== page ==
50 years ago: John Glenn becomes first American to orbit Earth

orbitPhoto taken by Glenn from space
On February 20, 1962 NASA astronaut John Glenn became the first American to orbit the earth when his satellite, Friendship 7 of the Mercury-Atlas 6 mission, passed three times around the earth in a span of 4 hours and 55 minutes.
The satellite was blasted off from an Atlas LV-3B launch vehicle in Cape Canaveral, Florida. After a month of delays due to minor design and mechanical errors, the flight proceeded with minimal problems, and Glenn landed in good health in the waters of the Caribbean about 40 miles from the expected location.
Glenn was promoted as a national hero by the Kennedy administration and the US media (which eventually took him to the US Senate). His achievement, very much bound up with the Cold War, came after a breakneck campaign to catch up with the Soviet Union’s space program, which had sent cosmonaut Yuri Gagarin into orbit nearly a year earlier. (see: Fifty years since the first manned spaceflight)

75 years ago: Sit-down strike wave spreads

FlintFlint sit-down striker
Two weeks after the Flint, Michigan sit-down strikers forced General Motors to offer concessions and recognize their new union, the United Auto Workers (UAW), workers across the US and in other countries occupied their workplaces, including coal miners in both Hungary and Australia.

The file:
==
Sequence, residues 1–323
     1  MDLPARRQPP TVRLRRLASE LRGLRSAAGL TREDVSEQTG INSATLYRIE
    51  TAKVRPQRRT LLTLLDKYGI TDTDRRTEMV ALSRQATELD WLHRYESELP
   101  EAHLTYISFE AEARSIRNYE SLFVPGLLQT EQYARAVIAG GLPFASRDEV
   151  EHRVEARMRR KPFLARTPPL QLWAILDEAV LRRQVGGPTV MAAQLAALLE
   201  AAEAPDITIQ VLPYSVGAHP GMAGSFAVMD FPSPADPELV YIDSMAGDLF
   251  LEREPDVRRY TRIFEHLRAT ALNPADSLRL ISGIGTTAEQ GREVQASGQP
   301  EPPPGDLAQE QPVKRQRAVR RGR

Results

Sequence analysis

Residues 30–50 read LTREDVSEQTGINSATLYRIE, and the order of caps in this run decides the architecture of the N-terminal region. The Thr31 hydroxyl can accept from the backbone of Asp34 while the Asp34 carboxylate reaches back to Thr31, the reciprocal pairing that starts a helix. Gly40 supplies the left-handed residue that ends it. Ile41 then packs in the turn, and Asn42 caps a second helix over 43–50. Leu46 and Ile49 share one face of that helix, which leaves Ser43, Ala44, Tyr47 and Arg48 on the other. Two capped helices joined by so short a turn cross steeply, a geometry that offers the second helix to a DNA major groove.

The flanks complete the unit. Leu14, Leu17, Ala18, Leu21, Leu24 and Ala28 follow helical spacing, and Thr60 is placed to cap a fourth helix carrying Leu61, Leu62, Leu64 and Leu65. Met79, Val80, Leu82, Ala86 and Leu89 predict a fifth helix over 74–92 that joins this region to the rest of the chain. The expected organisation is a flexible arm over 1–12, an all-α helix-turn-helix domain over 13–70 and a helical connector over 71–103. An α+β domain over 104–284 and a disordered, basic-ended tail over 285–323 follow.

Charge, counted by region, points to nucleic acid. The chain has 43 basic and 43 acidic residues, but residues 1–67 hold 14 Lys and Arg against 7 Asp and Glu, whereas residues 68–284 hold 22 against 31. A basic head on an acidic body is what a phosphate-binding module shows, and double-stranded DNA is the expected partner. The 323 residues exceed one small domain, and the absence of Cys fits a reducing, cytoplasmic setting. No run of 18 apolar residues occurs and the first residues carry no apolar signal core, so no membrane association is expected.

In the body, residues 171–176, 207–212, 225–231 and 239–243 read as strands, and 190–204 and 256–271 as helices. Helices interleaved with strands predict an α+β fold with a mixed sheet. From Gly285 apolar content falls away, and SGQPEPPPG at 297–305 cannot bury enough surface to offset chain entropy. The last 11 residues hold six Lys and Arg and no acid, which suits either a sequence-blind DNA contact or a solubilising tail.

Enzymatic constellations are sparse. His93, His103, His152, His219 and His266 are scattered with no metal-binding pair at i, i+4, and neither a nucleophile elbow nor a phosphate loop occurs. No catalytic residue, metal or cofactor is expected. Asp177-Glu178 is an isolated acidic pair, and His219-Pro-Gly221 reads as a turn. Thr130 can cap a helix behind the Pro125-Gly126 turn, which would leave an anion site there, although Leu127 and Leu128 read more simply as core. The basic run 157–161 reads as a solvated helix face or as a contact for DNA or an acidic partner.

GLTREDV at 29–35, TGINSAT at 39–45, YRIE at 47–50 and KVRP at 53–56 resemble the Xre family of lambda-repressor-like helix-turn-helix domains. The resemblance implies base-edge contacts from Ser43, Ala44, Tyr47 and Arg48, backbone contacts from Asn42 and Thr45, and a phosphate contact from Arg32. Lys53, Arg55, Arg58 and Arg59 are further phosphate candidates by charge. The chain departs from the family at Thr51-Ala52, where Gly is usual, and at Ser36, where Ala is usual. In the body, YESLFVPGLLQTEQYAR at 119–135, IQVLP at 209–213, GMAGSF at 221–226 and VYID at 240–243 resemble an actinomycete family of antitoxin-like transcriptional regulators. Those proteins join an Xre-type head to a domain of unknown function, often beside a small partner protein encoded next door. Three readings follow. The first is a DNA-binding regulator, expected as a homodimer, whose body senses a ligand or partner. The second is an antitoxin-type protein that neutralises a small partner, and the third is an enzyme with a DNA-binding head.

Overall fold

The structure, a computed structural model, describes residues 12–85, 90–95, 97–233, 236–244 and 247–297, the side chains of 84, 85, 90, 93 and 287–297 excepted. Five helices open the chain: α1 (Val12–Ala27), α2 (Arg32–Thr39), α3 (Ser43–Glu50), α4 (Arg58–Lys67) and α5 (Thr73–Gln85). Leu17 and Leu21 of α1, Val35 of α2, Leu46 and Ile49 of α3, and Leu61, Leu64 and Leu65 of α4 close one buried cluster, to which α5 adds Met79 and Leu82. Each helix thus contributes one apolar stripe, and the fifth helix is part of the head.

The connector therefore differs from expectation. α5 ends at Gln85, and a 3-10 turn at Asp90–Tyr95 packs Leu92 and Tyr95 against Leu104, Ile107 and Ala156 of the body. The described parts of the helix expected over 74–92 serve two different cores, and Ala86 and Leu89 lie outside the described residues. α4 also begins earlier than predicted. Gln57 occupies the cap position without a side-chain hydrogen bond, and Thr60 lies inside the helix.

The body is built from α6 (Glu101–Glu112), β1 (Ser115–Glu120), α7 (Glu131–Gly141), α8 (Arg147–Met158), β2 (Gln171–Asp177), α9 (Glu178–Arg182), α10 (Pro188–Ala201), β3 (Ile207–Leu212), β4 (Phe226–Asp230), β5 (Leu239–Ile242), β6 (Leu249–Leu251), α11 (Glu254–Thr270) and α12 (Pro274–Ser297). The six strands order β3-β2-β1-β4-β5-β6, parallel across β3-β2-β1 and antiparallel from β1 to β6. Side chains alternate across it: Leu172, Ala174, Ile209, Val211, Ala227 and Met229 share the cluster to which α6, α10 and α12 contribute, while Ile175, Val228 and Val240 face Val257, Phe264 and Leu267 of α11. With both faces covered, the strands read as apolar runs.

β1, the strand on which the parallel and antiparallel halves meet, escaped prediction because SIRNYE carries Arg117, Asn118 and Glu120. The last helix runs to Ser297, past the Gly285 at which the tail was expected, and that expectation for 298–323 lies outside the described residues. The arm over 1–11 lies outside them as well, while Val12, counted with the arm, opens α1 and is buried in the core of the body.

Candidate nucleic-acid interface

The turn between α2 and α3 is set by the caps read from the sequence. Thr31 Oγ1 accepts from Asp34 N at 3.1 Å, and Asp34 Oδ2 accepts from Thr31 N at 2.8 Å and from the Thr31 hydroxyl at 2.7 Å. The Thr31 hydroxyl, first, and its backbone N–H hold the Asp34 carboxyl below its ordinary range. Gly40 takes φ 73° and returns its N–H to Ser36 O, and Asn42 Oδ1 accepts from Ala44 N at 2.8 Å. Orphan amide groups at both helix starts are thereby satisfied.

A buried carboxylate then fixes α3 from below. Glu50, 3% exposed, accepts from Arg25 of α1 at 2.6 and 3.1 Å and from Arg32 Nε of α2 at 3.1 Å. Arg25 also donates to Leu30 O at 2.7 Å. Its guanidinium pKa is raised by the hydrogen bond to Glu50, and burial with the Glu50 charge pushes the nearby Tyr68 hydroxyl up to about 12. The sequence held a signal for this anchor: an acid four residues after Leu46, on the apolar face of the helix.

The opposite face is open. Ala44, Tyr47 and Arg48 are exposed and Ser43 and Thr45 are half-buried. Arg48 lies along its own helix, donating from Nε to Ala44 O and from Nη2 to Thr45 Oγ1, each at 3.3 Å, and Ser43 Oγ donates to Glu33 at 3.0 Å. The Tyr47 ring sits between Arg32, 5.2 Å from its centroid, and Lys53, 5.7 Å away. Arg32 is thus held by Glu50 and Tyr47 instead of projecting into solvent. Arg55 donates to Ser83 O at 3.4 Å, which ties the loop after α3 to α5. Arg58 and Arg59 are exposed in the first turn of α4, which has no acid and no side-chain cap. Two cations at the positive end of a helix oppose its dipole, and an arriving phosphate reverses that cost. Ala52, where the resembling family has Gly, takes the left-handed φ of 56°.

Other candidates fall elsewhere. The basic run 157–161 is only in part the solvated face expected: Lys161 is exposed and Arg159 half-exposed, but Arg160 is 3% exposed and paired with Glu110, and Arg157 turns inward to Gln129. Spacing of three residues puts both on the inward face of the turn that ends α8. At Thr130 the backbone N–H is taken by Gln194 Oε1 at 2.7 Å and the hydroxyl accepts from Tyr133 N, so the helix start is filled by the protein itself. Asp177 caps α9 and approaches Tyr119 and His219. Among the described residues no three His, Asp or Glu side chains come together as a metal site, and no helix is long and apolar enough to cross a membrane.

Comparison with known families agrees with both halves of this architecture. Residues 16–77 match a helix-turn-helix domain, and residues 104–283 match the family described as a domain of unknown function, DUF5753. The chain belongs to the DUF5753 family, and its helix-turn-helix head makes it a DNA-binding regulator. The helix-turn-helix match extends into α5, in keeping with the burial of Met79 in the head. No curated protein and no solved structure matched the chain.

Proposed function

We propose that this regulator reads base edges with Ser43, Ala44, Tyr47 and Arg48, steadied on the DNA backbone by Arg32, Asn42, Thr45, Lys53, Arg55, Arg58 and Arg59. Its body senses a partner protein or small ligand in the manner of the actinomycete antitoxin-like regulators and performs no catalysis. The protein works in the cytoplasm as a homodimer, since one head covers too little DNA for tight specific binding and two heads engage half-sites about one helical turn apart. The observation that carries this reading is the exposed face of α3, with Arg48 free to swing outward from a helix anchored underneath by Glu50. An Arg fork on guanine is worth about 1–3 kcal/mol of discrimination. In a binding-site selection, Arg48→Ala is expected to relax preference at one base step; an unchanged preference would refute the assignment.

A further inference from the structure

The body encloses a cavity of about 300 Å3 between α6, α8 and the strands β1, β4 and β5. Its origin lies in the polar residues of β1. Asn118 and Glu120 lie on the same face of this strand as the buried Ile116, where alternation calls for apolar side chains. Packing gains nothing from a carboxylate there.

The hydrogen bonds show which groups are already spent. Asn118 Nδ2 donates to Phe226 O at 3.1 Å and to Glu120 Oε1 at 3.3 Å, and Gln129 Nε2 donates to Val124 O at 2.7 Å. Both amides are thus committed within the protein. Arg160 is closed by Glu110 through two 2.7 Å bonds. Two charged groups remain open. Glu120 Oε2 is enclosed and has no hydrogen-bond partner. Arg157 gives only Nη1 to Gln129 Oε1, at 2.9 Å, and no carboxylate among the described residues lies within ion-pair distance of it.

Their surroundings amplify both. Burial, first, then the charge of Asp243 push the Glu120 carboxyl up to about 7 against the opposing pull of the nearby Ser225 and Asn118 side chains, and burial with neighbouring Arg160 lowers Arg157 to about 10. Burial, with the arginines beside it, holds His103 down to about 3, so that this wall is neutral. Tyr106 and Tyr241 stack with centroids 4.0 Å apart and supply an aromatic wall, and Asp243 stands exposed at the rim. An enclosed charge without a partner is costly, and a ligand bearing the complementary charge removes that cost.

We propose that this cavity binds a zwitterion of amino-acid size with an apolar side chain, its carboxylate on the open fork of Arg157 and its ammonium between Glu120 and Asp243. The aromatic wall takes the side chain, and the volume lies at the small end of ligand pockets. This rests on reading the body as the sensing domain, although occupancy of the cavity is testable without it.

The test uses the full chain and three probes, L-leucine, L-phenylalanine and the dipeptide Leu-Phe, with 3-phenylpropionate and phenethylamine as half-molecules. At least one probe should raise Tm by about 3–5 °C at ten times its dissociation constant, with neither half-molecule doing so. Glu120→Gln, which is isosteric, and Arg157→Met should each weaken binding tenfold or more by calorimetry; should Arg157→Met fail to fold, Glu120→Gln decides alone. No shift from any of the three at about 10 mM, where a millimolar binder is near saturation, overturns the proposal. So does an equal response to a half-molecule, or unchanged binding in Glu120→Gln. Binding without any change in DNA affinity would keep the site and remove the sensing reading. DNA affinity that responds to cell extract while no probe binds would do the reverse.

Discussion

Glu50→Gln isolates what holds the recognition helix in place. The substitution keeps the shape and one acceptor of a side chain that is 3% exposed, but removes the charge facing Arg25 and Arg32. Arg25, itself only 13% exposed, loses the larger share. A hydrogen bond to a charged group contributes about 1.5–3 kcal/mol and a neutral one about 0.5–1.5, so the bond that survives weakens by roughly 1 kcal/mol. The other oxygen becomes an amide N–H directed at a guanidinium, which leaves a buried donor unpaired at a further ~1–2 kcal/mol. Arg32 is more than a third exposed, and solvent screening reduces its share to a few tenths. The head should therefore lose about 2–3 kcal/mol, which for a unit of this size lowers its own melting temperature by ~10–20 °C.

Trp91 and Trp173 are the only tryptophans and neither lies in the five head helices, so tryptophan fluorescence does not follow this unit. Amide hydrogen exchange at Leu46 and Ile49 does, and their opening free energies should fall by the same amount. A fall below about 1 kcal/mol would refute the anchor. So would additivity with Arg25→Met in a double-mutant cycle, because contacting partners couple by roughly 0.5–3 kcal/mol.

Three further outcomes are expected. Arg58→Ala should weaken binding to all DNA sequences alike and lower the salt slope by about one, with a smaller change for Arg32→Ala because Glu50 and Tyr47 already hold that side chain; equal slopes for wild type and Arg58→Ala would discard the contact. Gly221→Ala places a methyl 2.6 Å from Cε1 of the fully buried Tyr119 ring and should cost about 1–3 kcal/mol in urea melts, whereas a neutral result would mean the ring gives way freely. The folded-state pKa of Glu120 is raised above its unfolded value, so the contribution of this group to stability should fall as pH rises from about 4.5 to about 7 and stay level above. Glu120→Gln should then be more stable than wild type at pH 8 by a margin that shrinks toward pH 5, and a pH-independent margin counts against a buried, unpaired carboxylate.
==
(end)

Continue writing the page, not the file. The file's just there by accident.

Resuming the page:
On February 20, 1937 strikes broke out at GM plants in St. Louis, Missouri and in the province of Ontario in Canada.
On the morning of the same day, 120 police and deputies failed in an attempt to evict sit-down strikers from Fansteel Metallurgical Corporation facilities in Waukegan, Illinois. When hundreds of teargas canisters were fired into the Fansteel buildings, the strikers responded by spraying their assailants with acid from converted fire extinguishers.
On February 23 sit-down strikes broke out in shipyards at Groton, Connecticut owned by the Electric Boat Company (EBC). Work on four submarines being built to US military specification was brought to a halt. The strike was called by the Industrial Union of Marine and Shipbuilding Workers of America to force the shipyard owners to recognise the union as the exclusive bargaining agent.